Don’t forget about the financial advisors who would love to help you with these investment decisions, for the low, low fee of 1%-2% or more of your assets. Every year.
Is it really that much harder to manage $1M than $10K or even $100K? Of course not. So why should they get paid hundreds of times more to do the same amount of work?
Beware of advisors who can’t justify their fees and those who earn commissions by pushing products that might not be in your best interest.
By the time you read a few books and know how to protect yourself from unscrupulous advisors, you probably know enough that you don’t need an advisor at all.
If you prefer to have help or know yourself well enough that you need someone to talk you through a rough market, then keep looking and interviewing until you find one you trust.
Taxes can be complicated, but they don’t have to be. If you own a business or rental properties or if you have a very large estate, you probably need some help. If your situation is simple, though, see the advice above. By the time you read enough that you can spot a good CPA, you might not need one anymore.
It won’t hurt to have someone review your returns before filing, but filling them out yourself can teach you a lot about the tax code. This book will help you figure out the level of assistance that you need.
Be careful to stay focused on the big picture and not on spending a lot just to save a little on taxes.
Insurance is something we hope to never need or use, unless it’s health insurance with a low copay, which some people want to use and use and use some more…
I digress. No one wants to be in an auto accident, to suffer a premature disability or death, be sued, or have a home burn to the ground. Unfortunately, these things happen. If you can’t afford to pay for these things out of pocket, make sure to protect yourself adequately.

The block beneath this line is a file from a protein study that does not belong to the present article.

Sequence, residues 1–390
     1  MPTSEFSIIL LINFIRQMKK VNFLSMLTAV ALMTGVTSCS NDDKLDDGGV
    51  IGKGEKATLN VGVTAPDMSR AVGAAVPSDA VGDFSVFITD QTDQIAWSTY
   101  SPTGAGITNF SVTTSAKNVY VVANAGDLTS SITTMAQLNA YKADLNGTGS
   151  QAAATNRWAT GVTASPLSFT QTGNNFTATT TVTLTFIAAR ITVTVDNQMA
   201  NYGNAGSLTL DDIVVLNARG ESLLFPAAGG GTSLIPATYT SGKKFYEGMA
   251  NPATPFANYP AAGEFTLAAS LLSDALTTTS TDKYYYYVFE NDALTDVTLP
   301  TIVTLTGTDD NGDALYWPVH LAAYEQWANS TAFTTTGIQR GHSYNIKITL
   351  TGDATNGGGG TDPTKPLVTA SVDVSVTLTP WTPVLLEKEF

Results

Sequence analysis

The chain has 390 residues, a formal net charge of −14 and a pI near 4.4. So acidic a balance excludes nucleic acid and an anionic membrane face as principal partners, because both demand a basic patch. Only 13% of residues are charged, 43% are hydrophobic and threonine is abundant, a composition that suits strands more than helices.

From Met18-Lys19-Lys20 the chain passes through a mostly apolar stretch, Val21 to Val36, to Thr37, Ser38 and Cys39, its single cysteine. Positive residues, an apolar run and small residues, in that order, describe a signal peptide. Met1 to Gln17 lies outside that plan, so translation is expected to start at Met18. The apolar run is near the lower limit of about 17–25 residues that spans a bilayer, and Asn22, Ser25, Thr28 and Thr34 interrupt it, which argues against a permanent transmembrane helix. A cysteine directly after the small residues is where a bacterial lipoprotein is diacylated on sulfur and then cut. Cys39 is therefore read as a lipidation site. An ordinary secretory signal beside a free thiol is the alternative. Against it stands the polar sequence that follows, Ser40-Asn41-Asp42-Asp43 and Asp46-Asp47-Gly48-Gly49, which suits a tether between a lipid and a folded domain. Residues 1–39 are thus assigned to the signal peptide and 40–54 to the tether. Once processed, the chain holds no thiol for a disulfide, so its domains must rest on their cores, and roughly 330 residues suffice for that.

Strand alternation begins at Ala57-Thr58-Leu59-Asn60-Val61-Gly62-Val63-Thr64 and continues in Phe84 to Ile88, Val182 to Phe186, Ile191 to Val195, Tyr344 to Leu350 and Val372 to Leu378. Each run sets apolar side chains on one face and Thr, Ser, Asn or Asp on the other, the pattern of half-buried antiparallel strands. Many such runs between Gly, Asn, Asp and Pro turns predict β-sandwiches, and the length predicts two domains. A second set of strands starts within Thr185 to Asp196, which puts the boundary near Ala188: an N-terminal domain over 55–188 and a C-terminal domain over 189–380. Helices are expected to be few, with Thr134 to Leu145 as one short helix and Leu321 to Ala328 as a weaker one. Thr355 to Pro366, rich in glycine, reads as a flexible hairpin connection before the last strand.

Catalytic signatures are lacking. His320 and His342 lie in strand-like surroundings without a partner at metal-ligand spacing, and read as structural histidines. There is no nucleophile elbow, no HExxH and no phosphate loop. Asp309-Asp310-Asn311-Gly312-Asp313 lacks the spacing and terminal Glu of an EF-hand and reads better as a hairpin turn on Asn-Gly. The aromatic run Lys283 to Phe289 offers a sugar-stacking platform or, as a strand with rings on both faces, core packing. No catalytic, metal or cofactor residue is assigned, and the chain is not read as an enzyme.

Just like with financial advisors, though, some insurance brokers have a perverse incentive to sell you products you don’t need but that give them a large commission. Read this book and do some research on your own before purchasing whole life insurance–you’ll probably decide that it isn’t the best option for you.
This chapter is beyond what most people, even many physicians, need, though it’s nice to know the information is here if such a situation arises.
Even for non-physicians, the tax implications of being an independent contractor or forming a corporation can be complicated and probably deserve more in-depth reading or at least a very careful perusal of WCI’s related blog posts and comments.
It’s tough to condense an already condensed version of such important topics, so I recommend reading this book in its entirety for yourself. An afternoon of your time is a small investment in your future that will have phenomenal returns.
*I am a long-time reader of Dr. Dahle’s blog, the White Coat Investor. He sent me this book after I told him I planned to write a review, and I have passed it along to a lucky reader.
Have you read this book or do you recommend another personal finance gem? Which topics would you like to know more about? Let me know in the comments below.